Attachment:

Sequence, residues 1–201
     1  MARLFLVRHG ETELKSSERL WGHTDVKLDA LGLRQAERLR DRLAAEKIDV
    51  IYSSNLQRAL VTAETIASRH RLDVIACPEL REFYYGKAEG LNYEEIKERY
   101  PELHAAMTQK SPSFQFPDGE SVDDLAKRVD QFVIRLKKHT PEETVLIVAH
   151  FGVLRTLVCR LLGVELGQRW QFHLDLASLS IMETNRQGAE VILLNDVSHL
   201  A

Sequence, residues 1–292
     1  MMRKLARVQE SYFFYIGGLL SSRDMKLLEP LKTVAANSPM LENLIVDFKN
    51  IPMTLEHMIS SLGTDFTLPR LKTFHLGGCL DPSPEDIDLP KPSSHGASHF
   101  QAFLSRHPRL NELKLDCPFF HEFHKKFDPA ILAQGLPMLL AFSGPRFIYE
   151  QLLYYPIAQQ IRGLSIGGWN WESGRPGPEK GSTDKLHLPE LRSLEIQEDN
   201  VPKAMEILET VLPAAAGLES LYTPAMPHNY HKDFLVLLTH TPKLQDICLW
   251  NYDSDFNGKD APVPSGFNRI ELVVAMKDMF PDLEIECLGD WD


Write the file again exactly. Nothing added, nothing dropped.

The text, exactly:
Sequence, residues 1–201
     1  MARLFLVRHG ETELKSSERL WGHTDVKLDA LGLRQAERLR DRLAAEKIDV
    51  IYSSNLQRAL VTAETIASRH RLDVIACPEL REFYYGKAEG LNYEEIKERY
   101  PELHAAMTQK SPSFQFPDGE SVDDLAKRVD QFVIRLKKHT PEETVLIVAH
   151  FGVLRTLVCR LLGVELGQRW QFHLDLASLS IMETNRQGAE VILLNDVSHL
   201  A

Sequence, residues 1–292
     1  MMRKLARVQE SYFFYIGGLL SSRDMKLLEP LKTVAANSPM LENLIVDFKN
    51  IPMTLEHMIS SLGTDFTLPR LKTFHLGGCL DPSPEDIDLP KPSSHGASHF
   101  QAFLSRHPRL NELKLDCPFF HEFHKKFDPA ILAQGLPMLL AFSGPRFIYE
   151  QLLYYPIAQQ IRGLSIGGWN WESGRPGPEK GSTDKLHLPE LRSLEIQEDN
   201  VPKAMEILET VLPAAAGLES LYTPAMPHNY HKDFLVLLTH TPKLQDICLW
   251  NYDSDFNGKD APVPSGFNRI ELVVAMKDMF PDLEIECLGD WD